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The Franchise Memorandum

Federal Court Dismisses Joint Employer Claim for Failure to Plead Facts Related to the Franchisor’s Purported Control of Franchisee’s Employee
Posted in Employment

A federal court in New York granted 7-Eleven’s motion to dismiss a franchisee’s employee’s complaint, which alleged that 7-Eleven was his joint employer, for lack of sufficient factual allegations to support the claim. Acharya v. 7-Eleven, Inc., 2019 WL 6830203 (S.D.N.Y. Dec. 13, 2019). Acharya’s complaint alleged that he was unpaid for, among other things, over 2,000 hours of overtime work and that, as a result, 7-Eleven and the franchisee, as his joint employers, had violated the Fair Labor Standards Act (FLSA) and the New York Labor Law.

In granting 7-Eleven’s motion to dismiss, the court held that Acharya’s complaint failed to adequately plead facts that would give rise to an inference that 7-Eleven exercised the formal and functional control over Acharya necessary to demonstrate an employment relationship for the purpose of federal or state law. Specifically, the court found that Acharya had failed to plead facts concerning which entity actually offered him his job, or whether 7-Eleven had hiring and firing power, or the ability to control his work schedule and employment conditions, including hours worked or pay received. Finally, the court held that a plaintiff must assert more than boilerplate allegations on “information and belief” to allege a viable claim against a franchisor under the FLSA or New York Labor Law.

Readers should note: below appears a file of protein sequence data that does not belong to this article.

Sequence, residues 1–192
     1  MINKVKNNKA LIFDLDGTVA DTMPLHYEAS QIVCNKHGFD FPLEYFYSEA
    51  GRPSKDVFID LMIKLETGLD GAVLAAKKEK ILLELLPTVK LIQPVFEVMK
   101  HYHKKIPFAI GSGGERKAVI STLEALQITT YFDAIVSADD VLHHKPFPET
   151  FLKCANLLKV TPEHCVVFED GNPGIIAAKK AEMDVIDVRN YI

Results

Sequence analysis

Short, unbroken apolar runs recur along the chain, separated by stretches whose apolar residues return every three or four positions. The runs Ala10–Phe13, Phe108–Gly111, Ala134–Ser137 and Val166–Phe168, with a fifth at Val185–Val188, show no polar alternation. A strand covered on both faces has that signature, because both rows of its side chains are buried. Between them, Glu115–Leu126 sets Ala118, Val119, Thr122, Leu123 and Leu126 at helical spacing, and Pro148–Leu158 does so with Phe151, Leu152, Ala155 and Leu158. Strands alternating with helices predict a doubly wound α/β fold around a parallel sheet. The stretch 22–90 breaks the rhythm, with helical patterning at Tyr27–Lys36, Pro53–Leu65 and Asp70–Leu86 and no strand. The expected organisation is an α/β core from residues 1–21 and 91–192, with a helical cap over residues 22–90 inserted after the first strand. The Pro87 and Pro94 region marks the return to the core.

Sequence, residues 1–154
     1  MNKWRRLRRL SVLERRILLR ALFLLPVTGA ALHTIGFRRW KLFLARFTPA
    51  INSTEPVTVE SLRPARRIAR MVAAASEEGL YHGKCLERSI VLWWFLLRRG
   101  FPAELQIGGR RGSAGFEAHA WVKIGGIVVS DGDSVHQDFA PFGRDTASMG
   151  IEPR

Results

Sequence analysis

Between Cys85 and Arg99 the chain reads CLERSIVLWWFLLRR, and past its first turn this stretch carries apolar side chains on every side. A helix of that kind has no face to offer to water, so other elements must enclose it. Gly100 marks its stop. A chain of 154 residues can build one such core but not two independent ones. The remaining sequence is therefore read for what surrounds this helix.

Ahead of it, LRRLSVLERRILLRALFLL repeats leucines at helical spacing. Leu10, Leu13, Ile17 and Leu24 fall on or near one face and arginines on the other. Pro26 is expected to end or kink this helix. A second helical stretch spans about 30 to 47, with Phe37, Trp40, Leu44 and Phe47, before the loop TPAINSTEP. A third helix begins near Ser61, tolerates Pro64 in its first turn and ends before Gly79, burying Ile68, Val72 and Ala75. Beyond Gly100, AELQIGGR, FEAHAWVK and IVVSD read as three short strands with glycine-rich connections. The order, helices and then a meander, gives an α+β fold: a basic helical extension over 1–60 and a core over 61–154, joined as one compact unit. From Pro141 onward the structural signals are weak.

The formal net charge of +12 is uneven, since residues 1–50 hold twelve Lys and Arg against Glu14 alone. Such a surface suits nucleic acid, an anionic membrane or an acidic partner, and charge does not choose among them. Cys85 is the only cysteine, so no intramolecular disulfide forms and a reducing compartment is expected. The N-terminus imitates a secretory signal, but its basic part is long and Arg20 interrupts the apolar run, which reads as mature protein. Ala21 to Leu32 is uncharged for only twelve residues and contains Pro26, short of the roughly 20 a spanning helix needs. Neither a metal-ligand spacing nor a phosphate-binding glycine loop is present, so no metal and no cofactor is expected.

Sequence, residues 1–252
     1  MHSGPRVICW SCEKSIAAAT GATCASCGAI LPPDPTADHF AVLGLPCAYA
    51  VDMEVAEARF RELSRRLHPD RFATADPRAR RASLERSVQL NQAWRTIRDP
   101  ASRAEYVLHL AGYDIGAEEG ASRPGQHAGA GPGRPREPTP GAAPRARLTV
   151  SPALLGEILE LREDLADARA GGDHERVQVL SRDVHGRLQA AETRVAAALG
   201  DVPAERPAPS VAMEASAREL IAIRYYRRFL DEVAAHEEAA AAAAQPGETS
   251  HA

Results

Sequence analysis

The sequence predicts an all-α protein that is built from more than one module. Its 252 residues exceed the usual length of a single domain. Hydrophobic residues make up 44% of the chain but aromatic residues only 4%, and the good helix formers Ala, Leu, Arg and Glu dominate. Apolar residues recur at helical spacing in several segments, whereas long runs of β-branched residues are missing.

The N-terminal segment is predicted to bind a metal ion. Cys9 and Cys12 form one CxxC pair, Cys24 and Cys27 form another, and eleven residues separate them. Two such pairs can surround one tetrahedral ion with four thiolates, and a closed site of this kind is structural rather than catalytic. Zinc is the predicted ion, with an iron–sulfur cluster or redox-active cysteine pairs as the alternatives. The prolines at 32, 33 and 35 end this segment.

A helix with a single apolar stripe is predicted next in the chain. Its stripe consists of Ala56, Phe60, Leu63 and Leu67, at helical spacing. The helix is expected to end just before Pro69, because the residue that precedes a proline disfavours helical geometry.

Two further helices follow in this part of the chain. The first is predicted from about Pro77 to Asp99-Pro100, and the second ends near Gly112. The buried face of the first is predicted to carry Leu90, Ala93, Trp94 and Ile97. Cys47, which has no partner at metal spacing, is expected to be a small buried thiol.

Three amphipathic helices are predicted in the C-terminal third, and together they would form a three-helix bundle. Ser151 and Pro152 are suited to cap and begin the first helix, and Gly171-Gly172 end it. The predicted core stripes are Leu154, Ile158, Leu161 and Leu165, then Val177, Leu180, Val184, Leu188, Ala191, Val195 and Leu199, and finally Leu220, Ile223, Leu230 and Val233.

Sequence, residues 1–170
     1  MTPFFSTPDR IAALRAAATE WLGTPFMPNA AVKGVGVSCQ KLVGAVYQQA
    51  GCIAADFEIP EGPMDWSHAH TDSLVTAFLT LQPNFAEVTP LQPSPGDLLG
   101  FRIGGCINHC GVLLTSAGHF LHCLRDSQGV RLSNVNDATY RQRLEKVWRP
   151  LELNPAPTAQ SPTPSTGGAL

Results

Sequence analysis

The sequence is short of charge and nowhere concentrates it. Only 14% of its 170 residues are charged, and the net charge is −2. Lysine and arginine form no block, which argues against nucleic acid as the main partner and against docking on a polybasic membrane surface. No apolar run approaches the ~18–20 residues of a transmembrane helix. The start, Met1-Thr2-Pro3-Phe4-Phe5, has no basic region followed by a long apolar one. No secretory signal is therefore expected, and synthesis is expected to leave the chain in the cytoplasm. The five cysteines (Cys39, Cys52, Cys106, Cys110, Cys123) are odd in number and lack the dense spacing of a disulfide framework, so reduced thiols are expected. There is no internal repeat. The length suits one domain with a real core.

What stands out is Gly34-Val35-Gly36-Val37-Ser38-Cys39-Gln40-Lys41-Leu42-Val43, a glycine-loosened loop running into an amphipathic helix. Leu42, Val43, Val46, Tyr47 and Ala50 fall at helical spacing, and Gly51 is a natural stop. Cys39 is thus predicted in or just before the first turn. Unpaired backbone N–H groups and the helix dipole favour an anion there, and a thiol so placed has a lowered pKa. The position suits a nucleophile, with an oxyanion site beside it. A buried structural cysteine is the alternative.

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The Franchise Memorandum is a collection of postings on summaries of recent legal developments of interest to franchisors brought to you by Lathrop GPM LLP. 

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